Rabbeting Knives for a Moulder

      Tooling suggestions to enable clean rabbet cuts, without burn marks on the shoulders. March 3, 2006

I need to make some rabbeted solid cherry door jambs on our Wienig moulder and I am wondering how you keep your knife from burning on the side. Can you grind a cutting edge on the side? We have a Rondamat 950 grinder.

Forum Responses
(Solid Wood Machining Forum)
From contributor C:
I'd suggest using an insert rabbetting head with spur insert knives on the sides to take care of the edge burning and cut a cleaner rebate. These will hold an edge better and longer, and can also be used for jointing. The disposable replacement knives are solid carbide and very inexpensive. No grinding is needed! A number of manufacturers offers these type heads. Stark's TH03 head is made for linear operations on a moulder and has spur cutters on both ends.

From contributor S:
When I grind the knives for jamb stock, I always put a 1 degree bevel on the side of the stop. That way, it is cutting instead of rubbing.

From contributor R:
Yes, I recommend putting at least 5 degree side clearance on the side of the rabbet. Just move the stops on the R-950 to 5 degree or 10 degree. A draft angle is also recommended on the template at about 2 degrees. This will make the cut out of square. The amount out of square will be determined by the depth of cut.

From Dave Rankin, forum technical advisor:
I agree with the other posts. A couple of things that may need to be verified. Carbide insert tooling, if you will be doing some large runs or repeat production runs. Otherwise, I agree with contributor R on the angles. 1-2 degree on the template. 5 degree side clearance, but make sure that the clearance comes to the cutting edge of the tool. If you will be running 5,000 lineal feet or more, you may want to consider using DGK knife steel. Shorter runs, I would use M2 or T1.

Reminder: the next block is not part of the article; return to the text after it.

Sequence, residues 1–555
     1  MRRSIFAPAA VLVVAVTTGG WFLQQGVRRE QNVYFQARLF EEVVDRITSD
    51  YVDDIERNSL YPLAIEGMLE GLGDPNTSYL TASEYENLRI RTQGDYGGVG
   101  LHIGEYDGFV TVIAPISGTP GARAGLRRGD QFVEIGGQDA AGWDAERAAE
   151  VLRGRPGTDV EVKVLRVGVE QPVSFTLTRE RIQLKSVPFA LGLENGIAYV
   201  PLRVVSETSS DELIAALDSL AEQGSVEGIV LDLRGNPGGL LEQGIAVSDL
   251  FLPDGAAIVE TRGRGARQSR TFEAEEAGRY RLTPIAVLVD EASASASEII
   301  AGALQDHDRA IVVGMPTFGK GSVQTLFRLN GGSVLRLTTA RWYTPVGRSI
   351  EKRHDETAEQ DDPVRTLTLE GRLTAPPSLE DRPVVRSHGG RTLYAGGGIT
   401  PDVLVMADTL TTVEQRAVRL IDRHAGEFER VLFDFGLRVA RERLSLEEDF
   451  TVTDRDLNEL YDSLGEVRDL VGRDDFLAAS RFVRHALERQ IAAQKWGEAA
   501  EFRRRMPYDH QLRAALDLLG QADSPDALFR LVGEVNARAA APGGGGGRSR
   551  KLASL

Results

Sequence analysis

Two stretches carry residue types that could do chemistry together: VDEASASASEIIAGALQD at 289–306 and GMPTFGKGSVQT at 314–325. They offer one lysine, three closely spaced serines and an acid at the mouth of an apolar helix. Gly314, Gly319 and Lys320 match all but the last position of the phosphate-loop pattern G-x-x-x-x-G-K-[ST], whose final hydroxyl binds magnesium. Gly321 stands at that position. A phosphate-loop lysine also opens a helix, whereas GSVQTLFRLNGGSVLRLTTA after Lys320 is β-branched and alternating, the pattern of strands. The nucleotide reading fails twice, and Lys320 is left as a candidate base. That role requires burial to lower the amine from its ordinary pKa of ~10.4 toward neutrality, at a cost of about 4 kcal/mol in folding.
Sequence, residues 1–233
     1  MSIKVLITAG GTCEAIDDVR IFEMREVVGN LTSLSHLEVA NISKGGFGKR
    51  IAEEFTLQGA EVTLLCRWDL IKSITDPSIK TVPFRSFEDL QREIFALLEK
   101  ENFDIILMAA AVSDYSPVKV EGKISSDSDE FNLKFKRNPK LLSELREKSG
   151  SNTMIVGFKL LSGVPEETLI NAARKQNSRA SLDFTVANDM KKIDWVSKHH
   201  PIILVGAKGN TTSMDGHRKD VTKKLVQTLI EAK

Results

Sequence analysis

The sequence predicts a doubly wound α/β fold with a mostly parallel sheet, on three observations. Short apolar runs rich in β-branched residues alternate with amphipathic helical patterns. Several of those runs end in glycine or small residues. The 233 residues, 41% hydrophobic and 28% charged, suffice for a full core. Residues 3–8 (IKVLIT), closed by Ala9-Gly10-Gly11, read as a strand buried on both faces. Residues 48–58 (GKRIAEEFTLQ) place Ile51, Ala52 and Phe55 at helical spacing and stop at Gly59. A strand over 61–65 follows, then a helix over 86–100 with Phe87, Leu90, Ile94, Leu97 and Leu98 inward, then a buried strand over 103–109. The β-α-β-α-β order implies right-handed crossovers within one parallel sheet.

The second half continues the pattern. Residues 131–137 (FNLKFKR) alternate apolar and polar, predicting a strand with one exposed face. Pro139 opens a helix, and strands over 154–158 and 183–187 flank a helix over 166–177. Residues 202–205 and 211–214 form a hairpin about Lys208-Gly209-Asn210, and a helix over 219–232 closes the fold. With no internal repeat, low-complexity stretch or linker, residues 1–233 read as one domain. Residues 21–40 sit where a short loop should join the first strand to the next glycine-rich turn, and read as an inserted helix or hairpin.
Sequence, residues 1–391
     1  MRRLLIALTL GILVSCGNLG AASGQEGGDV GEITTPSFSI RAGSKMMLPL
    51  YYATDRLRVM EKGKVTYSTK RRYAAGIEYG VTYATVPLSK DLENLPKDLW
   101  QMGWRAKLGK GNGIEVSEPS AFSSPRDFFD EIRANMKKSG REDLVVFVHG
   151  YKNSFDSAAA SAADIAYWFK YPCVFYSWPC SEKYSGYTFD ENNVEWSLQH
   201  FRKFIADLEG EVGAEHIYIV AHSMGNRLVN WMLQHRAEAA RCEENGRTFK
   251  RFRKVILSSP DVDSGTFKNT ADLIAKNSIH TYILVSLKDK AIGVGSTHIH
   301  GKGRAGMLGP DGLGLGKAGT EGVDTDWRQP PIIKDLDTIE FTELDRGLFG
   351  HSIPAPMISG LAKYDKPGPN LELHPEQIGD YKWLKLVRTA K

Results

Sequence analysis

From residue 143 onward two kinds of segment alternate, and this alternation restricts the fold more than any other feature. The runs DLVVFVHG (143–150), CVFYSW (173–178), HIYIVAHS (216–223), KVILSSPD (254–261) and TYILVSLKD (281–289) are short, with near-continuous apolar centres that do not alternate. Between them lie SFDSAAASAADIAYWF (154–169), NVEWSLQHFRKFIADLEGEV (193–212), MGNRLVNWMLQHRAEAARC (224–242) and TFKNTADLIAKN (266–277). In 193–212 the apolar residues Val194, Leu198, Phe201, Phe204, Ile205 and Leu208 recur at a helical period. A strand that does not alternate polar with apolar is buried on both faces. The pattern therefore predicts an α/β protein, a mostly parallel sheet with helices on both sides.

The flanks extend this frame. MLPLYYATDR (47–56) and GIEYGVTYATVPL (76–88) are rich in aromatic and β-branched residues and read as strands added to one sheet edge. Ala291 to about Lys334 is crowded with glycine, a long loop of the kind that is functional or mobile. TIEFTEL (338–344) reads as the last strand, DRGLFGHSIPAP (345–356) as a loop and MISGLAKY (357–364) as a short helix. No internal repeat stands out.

From contributor J:
This is all true. I tilt my wheel 10 degrees and clean the inside of the rabbet knives. One thing to remember - axial constant will go out the window. It's not supposed to with a template that has that two degree draft angle, but usually the side clearance will cut deeper than you wished when you bring it to the edge. Of course, I use an antique R934, but that's pretty much the same machine. It won't change a lot, but a thou or two each time. Just something to keep in mind.

From contributor S:
I have done a lot of rabbetting with my Quattromat and would suggest getting the custom head with side carbide cutters. Every time I try with a standard knife, no matter what the back bevel on the side, I get tearout on the face. It never burns. The only way that we have gotten away from that is to run a kerf cut on the face before sending into the molder. This adds an extra step and isn't nearly as precise as you'd like. It's easily done on a table saw with a powerfeeder, but if going to that much trouble, you might as well use a good dado head and forget about using the molder. If you have very much of this, it'll be well worth the investment in the head. Most companies can get these to you in as little as two days.

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